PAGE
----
Arboreal animals

Forests are not only the lungs of the world, but also home to myriad living, breathing wonders alongside the vegetation.

Animals that live in the trees are called ‘arboreal’ and they have some amazing adaptations to make the most of their leafy surroundings at every level.

Harpy eagle in a tree
The harpy eagle is the rainforest’s biggest raptor. © Mary Ann McDonald | Getty
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Emergent talent

At the peak of the forest, trees reach their tallest and inhabitants must weather strong winds, heavy rain and sun exposure. Species need to be strong and agile to survive here, so birds of prey rule the roost. Found in rainforests from Mexico to Argentina, the harpy eagle is impressively huge and suitably named after the wind spirits of epic Greek mythology1. Rare throughout its range, it’s one of the largest eagle species in the world, one of most powerful predatory birds, and easily the rainforest’s biggest raptor. Females can weigh up to 9kg (20 pounds), but they have shorter wingspans than eagles of open habitats2, to allow greater manoeuvrability in the forest. As hunters, harpy eagles are described as sloth and primate specialists. They scan the canopy from a perch, looking and listening before swooping down to seize prey in their enormous talons – the hind claw of which can measure 7-10 cm (3-4 inches), the same size as the claw of a Grizzly Bear!3

 kinkajou in a tree
Kinkajous are nocturnal and feast on ripe fruit. © Tom Brakefield | Getty

Canopy characters

The next highest layer in the forest is the canopy, where the crowns of many trees converge and provide shelter from the harshest of the weather. This is something of a Goldilocks Zone for arboreal animals, where thanks to protection from ground and sky predators a wide variety of species can be found. You might have seen the wonderfully constructed nests of orangutans4, or be aware of sloths’ cunning camouflage to protect themselves from eagle attacks5. But you may be less familiar with the talents of the kinkajou, a mammal found in the rainforests of Central America. More closely related to raccoons than any other canopy dwellers, kinkajous are nocturnal and feast on ripe fruit. Nimble fingers, flexible spines and ankle joints that turn 180 degrees allow them to easily navigate through the trees and feed at the end of branches. It’s not unusual to see them feeding upside down, suspended from a branch by their prehensile tail6.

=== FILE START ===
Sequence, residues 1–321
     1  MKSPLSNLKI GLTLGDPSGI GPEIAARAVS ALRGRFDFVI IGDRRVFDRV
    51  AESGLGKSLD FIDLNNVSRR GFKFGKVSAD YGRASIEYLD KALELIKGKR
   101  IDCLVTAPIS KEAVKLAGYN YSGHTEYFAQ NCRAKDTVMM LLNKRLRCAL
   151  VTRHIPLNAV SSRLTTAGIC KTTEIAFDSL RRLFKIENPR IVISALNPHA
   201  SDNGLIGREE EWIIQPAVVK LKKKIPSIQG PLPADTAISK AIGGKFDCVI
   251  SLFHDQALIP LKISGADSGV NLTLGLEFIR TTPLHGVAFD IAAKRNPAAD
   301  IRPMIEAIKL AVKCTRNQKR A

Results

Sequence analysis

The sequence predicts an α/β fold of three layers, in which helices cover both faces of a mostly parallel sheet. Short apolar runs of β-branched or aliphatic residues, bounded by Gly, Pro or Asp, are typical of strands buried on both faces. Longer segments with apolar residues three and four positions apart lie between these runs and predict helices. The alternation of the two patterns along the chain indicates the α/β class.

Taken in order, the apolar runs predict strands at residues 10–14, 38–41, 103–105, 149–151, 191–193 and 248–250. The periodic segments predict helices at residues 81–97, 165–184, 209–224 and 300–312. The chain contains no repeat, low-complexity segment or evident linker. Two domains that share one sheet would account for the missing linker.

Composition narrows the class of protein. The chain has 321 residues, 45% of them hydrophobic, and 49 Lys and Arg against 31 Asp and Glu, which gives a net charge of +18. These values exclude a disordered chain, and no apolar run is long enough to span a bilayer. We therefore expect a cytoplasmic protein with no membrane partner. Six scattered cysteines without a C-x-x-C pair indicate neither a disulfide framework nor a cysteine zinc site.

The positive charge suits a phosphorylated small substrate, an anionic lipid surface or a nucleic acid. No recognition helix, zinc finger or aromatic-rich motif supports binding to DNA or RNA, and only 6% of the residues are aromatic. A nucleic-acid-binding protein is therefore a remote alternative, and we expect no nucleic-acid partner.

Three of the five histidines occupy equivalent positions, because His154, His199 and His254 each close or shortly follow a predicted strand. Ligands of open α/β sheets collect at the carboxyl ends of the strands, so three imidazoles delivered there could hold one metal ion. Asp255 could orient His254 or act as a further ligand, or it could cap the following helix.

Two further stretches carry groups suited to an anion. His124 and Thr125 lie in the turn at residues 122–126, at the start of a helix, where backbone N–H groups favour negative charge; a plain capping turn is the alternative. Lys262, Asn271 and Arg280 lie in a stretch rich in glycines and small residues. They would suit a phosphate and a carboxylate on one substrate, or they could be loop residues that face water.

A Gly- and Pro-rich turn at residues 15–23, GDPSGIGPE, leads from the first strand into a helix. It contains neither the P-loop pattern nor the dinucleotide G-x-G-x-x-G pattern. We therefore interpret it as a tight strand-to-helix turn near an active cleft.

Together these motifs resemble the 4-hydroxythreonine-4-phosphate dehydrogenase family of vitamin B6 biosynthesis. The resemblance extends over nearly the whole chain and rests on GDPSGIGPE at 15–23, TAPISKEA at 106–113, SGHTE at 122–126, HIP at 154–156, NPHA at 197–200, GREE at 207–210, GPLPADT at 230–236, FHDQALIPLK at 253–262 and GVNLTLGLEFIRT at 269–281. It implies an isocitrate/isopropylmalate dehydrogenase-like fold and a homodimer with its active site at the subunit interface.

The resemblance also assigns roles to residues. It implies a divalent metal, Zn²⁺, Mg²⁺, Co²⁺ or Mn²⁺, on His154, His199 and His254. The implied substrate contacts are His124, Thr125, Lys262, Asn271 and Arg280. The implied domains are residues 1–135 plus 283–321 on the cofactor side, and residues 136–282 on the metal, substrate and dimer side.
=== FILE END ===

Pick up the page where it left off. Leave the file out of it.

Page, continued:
Red-eyed tree frog
These frogs lay their eggs on vegetation overhanging forest pools and puddles. © Dan Mihai | Getty

Understorey underdogs

Shaded by the canopy, it is darker and more humid in the understorey, providing an ideal niche for many amphibians that thrive where the air is moist. Central America’s red-eyed tree frogs are among the most striking inhabitants of this forest layer, with orange toes, stripey flanks and a rainbow of bright leg colours that vary across their range from electric blue, through orange, to purple-red blends7. When hunkered down their green backs perfectly blend in with the leaves, but when disturbed a flash of colour can dazzle predators or impress females seeking a mate. These frogs lay their eggs on vegetation overhanging forest pools and puddles; once they hatch, the tadpoles drop to the water to develop. Mature frogs will climb through the trees until they find a comfortable layer, sometimes ascending as far as the canopy in search of flying insects to eat. Researchers suggest tree frogs are protected from short-term climatic change as they can move around within the rainforest to find a sweet spot. But continued warming and consequent drying will drive them closer to the ground, with potentially fatal consequences.

Termites are one of the best clean-up crews in the rainforest. © Arthit Thi-Ngakhruea, EyeEm | Getty

Bottom feeders

You might not associate tree-dwelling with the forest floor. But that view overlooks countless species of insects that make the most of the decay down in the lowest reaches of the forest. If a tree falls in the forest, you can bet something is there to eat it – and maybe move in. Termites are one of the best clean-up crews in the rainforest. They can live underground, above ground in their iconic mounds, within dead wood, or in basketball-sized arboreal nests. These decomposers specialise in wood clearance, and as such have earned a bad reputation for destroying furniture and houses. Yet scientists have discovered that termites play an essential role in protecting rainforest trees. Studying a site in Borneo during a severe drought in 2015/16, researchers found that termites increased their activity, consequently boosting soil moisture and nutrients and allowing for greater survival of seedlings8.

Whichever layer of the forest you look at, there are creatures living fascinating lives among the leaves. Predatory talons, prehensile tails and stunning colour schemes are just some of the solutions species have evolved to aid their arboreal lifestyles and contend with the impact of adversities such as climate change.

Trees are amazing organisms and it's not only animals that network with the habitats they create, but also the trees themselves.